Can a passenger bring a full-size pillow on board and does it need to be stowed for take-off and landing? Would the answer be different if the same passenger with a pillow was seated in an exit seat? What about large stuffed toy pillows that children sometimes bring on board?
The approved carry-on baggage program is the primary document that states what is permitted and restricted with regard to personal items brought on board. Some manuals, including the flight attendant manual, contain the pertinent extracts of the carry-on baggage program.
If there’s nothing there that specifies pillows or similar, here’s something to consider. Comparatively, on some airlines around the world, in domestic first/business class, pillows and blankets are provided on each seat. On international flights, many airlines provide pillows and blankets in all classes, all seats, including exit seats. There’s no regulation or guidance that I am aware of, that prohibits a toy pillow or “pillow pet” from being used during takeoff, landing, and all movement on the surface. My understanding is that a pillow, whether full size or child’s toy/pillow does not need to be stowed under a seat or in an overhead bin for takeoff/landing, as they are typically not considered baggage, as defined in their carry-on baggage program. Some airlines may choose to consider a pillow as a personal item, and some gate agents may take issue with a person having a carry-on bag, a personal item, plus a pillow. Thinking about the winter season, passengers wear onboard their coat/overcoat, and sometimes take it off and place it to their side or on their lap. The jackets can take up an equivalent amount of space as a pillow, but they are not required to be stowed for takeoff and landing.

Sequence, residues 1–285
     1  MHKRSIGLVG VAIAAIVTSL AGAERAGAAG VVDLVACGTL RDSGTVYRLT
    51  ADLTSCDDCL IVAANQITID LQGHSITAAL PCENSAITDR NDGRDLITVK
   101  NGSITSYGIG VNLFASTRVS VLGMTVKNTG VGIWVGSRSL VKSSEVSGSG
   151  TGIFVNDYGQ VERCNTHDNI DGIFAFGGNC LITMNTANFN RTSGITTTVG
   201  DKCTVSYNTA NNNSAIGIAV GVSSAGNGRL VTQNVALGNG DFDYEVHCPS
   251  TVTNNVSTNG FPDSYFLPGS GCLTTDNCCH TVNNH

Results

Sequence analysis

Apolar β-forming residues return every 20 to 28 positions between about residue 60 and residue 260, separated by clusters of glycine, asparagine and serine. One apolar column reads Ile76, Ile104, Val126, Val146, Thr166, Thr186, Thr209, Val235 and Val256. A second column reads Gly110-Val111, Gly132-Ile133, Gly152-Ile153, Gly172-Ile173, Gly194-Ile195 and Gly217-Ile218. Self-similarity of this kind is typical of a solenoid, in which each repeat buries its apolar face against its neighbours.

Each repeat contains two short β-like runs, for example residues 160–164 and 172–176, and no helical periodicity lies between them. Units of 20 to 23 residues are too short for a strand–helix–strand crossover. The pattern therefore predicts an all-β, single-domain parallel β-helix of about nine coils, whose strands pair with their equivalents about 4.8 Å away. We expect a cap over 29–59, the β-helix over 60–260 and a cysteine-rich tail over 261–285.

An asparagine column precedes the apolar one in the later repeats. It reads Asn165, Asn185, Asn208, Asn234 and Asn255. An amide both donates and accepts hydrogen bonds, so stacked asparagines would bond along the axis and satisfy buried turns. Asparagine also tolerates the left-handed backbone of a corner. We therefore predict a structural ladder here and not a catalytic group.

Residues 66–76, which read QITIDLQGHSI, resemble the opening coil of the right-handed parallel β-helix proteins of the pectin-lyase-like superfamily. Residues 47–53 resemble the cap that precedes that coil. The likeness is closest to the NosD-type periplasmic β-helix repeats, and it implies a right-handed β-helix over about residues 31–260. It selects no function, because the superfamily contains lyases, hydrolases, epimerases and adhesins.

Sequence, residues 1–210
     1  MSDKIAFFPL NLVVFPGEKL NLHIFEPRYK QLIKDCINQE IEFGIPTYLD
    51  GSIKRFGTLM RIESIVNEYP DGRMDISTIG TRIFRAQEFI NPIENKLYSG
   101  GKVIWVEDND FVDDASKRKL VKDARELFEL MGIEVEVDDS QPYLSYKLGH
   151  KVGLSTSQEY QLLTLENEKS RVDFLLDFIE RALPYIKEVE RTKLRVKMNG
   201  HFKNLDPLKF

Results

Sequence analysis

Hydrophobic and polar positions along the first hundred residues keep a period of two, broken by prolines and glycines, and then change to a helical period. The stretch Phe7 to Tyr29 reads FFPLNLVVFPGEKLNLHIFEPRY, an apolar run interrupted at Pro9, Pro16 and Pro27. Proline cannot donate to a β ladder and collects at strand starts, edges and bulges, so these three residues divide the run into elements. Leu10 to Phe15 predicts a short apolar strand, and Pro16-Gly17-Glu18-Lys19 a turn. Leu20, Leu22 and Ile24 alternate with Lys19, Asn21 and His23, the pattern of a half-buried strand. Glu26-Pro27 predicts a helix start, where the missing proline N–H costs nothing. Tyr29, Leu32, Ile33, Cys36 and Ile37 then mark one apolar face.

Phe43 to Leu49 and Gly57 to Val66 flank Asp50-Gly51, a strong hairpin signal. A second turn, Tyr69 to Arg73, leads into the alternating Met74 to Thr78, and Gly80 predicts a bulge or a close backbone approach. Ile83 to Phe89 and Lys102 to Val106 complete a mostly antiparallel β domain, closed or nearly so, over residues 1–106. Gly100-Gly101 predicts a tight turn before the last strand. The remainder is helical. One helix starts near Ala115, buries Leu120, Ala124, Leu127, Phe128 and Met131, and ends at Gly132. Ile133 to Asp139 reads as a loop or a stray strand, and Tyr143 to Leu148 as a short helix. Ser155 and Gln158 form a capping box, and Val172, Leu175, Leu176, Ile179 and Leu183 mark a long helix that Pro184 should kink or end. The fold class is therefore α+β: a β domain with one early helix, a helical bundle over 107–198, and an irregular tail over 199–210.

With regard to the exit seat, we all probably have our own opinion as to what should be allowed or not permitted, and it sometimes is in conflict with the actual regulation or company policy. Despite personal opinions, everyone has to go by what the regulation, approved programs, or company policies say. For example, some airlines prefer a policy that prohibits carryon bags from being stowed under overwing exit seats (e.g. B737, A320). However, the regulation itself doesn’t prohibit it, it speaks to restraint and luggage shifting requirements. Only a company policy could change it. Airlines can voluntarily exceed regulatory requirements, but may never be less restrictive. When I flew on Silk Air from Singapore to Langkawi, Malaysia, I was seated in the exit row. Coming from the USA, I placed my bag under the seat in front of me, but then learned Silk Air prohibits baggage in the exit row for takeoff and landing. Personally, I liked and agree with the greater restriction in the interest of safety.
My understanding is that a pillow does not come under the carry-on baggage program in terms of stowage; here’s the document I use as the reference:
The regulation regarding Carry-on Baggage, which includes reference to an approved restraining device: 14 CFR 121.589 Carry-on baggage
When designing procedures, at a minimum, the regulatory requirements must be implemented. Sometimes it may be better to consider what would be a higher level of safety – stowing objects that could potentially interfere in an evacuation, should one occur. That is a decision only each airline’s management can make.